What do you do that makes you feel alive?
I thought about that question a lot last week, because about twenty minutes after I sent out my blog email via Mailchimp and posted it to my website last Tuesday, I received the official news that I had been dreading all weekend, one of my athlete’s, a woman who is twenty-seven years old, received the diagnosis that she has breast cancer. Honestly, I didn’t know how to react. I couldn’t believe it. Here was this vibrant, smart, funny, awesome person who I had been getting to know for a few months as she was healing from labrum surgery, waiting for the thumbs up from her Doctor to start training, when just over a week into our official journey toward the finish line of the Chicago marathon, she shared the news that her Dr. had raised the red flag during a check-up, requested a biopsy, and just learned that it came back positive for breast cancer.
As her news sunk in, (truly, it still hasn’t), I felt tremendous guilt wash over me. I had just published a blog about a silly pitfall in my life goal, a triathlon being canceled, when at the same time an incredible person, twelve years younger than me, had just received devastating health news.
I have no doubt that Rachel will clobber cancer, but it will be a will fight, an expensive fight, and as a single woman, and business owner, she needs help. Therefore, I encourage all of you all to learn more about Rachel’s story, and find out how you can help her conquer this next big challenge.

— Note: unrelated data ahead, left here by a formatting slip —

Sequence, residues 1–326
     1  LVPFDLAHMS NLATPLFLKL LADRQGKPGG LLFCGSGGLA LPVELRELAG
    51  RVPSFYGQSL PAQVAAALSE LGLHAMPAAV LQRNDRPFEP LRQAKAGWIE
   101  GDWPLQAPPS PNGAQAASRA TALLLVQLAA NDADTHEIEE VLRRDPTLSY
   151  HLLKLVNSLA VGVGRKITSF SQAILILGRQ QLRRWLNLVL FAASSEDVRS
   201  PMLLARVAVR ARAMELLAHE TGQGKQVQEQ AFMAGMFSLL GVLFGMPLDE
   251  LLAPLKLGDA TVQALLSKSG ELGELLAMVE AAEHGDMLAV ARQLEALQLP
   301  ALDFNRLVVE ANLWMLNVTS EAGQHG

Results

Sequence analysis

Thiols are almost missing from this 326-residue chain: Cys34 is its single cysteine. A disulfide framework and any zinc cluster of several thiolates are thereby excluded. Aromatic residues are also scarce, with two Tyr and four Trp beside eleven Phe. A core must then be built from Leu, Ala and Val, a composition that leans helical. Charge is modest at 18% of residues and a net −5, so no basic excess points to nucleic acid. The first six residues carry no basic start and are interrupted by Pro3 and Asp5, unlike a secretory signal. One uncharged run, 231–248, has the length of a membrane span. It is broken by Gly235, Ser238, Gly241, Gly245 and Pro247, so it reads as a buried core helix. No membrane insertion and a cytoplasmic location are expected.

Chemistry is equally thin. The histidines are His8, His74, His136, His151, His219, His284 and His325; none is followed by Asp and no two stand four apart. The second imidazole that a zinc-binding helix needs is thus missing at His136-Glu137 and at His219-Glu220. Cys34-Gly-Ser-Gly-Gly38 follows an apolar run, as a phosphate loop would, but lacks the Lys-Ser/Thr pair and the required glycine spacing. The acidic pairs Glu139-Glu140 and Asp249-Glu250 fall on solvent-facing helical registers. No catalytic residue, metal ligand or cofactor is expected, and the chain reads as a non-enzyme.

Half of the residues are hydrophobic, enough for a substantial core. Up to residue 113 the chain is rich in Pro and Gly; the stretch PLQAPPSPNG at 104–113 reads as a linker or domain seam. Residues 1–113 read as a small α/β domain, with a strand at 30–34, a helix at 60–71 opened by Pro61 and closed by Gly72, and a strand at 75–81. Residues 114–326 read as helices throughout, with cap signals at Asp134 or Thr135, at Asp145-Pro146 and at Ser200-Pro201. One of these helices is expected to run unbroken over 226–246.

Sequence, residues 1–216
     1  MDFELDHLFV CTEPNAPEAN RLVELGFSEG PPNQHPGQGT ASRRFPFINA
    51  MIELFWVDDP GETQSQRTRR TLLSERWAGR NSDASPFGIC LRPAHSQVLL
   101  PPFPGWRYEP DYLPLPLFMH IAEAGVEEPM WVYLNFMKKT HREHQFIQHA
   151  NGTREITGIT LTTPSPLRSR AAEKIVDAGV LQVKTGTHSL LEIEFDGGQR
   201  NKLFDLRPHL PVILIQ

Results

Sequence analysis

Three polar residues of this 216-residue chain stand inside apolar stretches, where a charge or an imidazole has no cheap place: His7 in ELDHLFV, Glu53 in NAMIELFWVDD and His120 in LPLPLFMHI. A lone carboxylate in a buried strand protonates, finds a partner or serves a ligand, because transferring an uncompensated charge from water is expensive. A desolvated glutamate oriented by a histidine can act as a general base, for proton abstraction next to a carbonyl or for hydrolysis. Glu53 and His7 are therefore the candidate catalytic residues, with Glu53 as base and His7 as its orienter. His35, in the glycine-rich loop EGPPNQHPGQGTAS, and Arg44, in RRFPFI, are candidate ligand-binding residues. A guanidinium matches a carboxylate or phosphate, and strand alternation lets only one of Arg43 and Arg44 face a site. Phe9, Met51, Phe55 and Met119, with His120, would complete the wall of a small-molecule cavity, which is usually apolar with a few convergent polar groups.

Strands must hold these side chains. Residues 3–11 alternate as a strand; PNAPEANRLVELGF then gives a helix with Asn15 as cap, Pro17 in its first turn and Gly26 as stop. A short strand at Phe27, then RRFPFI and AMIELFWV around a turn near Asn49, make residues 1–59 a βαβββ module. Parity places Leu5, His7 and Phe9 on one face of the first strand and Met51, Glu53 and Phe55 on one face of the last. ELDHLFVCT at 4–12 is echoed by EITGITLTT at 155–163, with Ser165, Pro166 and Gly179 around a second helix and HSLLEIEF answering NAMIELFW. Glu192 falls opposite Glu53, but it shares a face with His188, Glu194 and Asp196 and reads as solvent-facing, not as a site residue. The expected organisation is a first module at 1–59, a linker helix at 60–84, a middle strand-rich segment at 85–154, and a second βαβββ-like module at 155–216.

On a completely unrelated note, I raced on Sunday at the Seaside Half marathon in Ventura, CA.
It was cold and windy, but sunny and dry, which was a huge relief after the sopping week we had in SoCal. I think it is safe to say that we are no longer in a drought. I had been a battling a cough all week, but was confident by Saturday morning that I was fine to race, but over the first few hundred yards, I knew I wasn’t quite myself.
I started at the front of the crowd, because I knew the course, (I actually ran along most of it while my sister was running the Mountains to Beach marathon in 2017), so I knew that we had a narrow mile or so of bike path before we popped out onto Pacific Coast Highway, (PCH), for the duration of the race.
We ran north on PCH, 6.5 miles and then turned around and ran back. We battled a headwind for the first half of the race which I pushed through it as fast as I could, then flipped on whatever speed I had left to gain time over the back half of the race when the wind was behind us.
That worked. Sort of.
The forecast called for 40-44F temps, so I opted to wear my Team SFQ singlet underneath my favorite top, the one I wore at Boston last year, and numerous incredible runs since, my Smashfest Queen endurance long-sleeve shirt. I thought with my lingering sickness it would not be wise to risk being colder than I had to, and since that shirt is light and comfortable, I figured it would be fine. However, as I made the turn-a-round, with the air finally heating up, I started to feel a little woozy, not energy deficit, I was on top of my fueling, but hot.
I usually peel away top long-sleeved layers during the first mile or so of races wearing old shirts, or cheap new ones that I don’t mind donating to the universe, but this shirt was one of my favorites. Still, I knew what I had to do. At around mile 8.5 I slowed down to unpin my bib, take off my watch, (it was strapped over the shirt sleeve), but too difficult to clasp while running, so I just stuffed it in my shorts pocket, and I re-pinned the bib to my left short leg, picked up my pace, and carried the shirt until I saw a recycling bin, and tossed it. I hope it has a long life filled with more adventures with another runner.
At that point, actually miles before that point, I knew my PR pursuit was long gone, but I still honored the race, and promised to run as fast as I could until the end. Plus, I was in first place.
Or, I thought I was.